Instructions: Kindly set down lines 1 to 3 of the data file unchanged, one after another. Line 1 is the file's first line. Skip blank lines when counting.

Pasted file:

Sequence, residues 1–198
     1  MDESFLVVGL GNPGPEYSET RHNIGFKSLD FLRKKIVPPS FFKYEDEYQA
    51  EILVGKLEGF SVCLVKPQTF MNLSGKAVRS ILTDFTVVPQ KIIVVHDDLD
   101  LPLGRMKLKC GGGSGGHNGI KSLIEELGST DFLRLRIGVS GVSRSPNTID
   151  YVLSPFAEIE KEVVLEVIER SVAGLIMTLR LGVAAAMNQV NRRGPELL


Sequence, residues 1–198
     1  MDESFLVVGL GNPGPEYSET RHNIGFKSLD FLRKKIVPPS FFKYEDEYQA
    51  EILVGKLEGF SVCLVKPQTF MNLSGKAVRS ILTDFTVVPQ KIIVVHDDLD